Keywords: dysprosium, holmium, neutron capture, potassium bromide, mid–infrared, nanocrystals, neutron detection, nuclear forensics, nanotechnology, thermal neutrons, optical properties, colloidal synthesis, nanocomposites
Characterisation of potassium bromide loaded with dysprosium fluoride nanocrystals for neutron detection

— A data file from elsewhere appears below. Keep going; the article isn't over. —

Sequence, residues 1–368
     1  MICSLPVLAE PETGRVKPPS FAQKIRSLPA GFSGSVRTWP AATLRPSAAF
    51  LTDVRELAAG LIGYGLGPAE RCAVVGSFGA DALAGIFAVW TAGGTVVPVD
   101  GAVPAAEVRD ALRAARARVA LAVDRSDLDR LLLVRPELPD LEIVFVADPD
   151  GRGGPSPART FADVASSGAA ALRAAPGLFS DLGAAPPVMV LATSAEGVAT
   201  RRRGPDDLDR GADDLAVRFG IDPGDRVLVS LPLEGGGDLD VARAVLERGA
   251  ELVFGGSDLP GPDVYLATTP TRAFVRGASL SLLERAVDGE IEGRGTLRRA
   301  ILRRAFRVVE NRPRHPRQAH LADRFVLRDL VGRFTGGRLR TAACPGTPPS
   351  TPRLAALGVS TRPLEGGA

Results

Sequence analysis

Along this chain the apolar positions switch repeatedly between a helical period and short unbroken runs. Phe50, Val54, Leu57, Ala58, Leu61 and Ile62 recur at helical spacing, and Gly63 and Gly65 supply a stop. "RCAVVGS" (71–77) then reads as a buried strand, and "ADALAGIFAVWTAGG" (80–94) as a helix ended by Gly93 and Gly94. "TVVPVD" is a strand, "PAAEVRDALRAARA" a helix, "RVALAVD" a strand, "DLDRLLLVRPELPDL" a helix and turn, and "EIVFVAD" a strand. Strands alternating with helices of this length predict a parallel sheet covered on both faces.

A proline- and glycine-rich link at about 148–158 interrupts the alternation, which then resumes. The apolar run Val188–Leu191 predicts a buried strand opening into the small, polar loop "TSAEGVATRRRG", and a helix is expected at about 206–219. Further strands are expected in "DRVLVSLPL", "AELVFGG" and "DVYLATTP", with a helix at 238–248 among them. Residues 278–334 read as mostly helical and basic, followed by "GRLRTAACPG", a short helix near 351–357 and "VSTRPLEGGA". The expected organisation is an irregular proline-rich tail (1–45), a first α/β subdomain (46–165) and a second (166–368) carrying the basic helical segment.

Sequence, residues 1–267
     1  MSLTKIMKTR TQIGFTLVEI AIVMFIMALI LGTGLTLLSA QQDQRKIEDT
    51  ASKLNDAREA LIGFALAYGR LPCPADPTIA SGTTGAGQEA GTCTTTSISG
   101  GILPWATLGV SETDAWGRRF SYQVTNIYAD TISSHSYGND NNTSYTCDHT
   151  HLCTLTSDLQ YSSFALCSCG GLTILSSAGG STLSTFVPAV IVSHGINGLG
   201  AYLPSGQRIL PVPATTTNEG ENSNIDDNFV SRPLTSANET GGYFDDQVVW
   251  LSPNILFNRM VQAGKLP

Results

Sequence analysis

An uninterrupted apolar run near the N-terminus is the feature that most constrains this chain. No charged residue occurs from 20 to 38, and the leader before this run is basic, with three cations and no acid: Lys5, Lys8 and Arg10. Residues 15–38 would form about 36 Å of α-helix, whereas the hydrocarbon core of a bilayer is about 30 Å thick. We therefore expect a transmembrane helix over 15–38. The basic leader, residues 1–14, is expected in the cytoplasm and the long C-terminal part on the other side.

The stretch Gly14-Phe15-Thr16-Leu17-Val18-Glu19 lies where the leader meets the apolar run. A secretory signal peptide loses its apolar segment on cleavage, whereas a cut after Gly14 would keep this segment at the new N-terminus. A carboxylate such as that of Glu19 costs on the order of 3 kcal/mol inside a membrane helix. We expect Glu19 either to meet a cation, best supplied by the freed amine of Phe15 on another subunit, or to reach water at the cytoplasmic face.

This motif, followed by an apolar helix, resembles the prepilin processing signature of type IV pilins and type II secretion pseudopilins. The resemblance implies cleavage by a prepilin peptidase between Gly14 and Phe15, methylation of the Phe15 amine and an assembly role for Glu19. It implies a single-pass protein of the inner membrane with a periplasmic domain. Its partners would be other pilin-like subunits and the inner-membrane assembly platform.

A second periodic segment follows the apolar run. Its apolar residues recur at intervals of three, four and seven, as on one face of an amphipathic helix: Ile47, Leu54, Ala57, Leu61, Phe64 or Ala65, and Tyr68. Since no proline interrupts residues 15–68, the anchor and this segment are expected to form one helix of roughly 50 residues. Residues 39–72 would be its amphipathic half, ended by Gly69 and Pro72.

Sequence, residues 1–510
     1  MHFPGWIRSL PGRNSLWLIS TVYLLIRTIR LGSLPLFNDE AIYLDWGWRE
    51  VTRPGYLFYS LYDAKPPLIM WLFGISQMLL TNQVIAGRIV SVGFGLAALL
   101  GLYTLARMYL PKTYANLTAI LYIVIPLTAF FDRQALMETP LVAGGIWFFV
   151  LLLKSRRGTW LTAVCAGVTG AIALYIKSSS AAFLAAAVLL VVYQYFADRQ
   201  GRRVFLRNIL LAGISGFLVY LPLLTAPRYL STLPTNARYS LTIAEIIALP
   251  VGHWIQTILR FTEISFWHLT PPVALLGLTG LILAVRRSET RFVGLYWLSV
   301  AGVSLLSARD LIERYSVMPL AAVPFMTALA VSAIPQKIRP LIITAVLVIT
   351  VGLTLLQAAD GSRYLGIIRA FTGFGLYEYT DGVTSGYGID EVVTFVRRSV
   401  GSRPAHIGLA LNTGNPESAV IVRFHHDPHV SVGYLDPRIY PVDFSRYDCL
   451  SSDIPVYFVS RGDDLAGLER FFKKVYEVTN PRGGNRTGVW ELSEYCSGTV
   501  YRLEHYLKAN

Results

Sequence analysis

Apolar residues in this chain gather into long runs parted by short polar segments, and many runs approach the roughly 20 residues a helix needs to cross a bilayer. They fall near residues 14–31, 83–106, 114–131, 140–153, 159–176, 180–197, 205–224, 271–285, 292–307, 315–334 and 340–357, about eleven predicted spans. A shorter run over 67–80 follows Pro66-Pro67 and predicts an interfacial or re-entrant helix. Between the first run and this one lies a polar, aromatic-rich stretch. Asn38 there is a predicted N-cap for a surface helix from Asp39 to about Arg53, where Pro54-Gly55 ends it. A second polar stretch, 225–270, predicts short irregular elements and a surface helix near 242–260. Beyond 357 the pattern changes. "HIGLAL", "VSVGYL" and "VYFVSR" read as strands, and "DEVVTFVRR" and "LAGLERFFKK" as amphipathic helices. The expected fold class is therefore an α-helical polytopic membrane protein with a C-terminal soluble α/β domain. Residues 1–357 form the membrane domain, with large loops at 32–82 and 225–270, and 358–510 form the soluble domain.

We explore a novel concept of passive optically–enabled detection of thermal neutrons that exploits transmutation of 164Dy into 165Ho. The concept relies on significant differences in optical properties of Dy and Ho and on our ability to find the most sensitive optical method of differentiating between Dy and Ho. While the concept applies equally well to bulk materials and to nanocrystals (NCs), the nanocrystalline approach is much more attractive due to its significantly lower cost, relative ease of colloidal synthesis of high quality NCs with controlled composition, and superior optical and mechanical properties of NCs compared to their bulk counterparts. One particular advantage of NCs for neutron detection is that in principle they can be integrated into a transparent host without causing optical scattering. Since Ho is known to have strong emission lines in mid–infrared, we considered potassium bromide (KBr), transparent in mid–IR spectral range, to be a suitable host for Dy–containing NCs. Here, we report on synthesis and characterisation of DyF3:10%Ce, HoF3:10%Ce, and DyF3:10%Ho,10%Ce NCs, their insertion into KBr matrix, and optical characterisation of the obtained nanocomposites, both non–irradiated and subjected to neutron irradiation.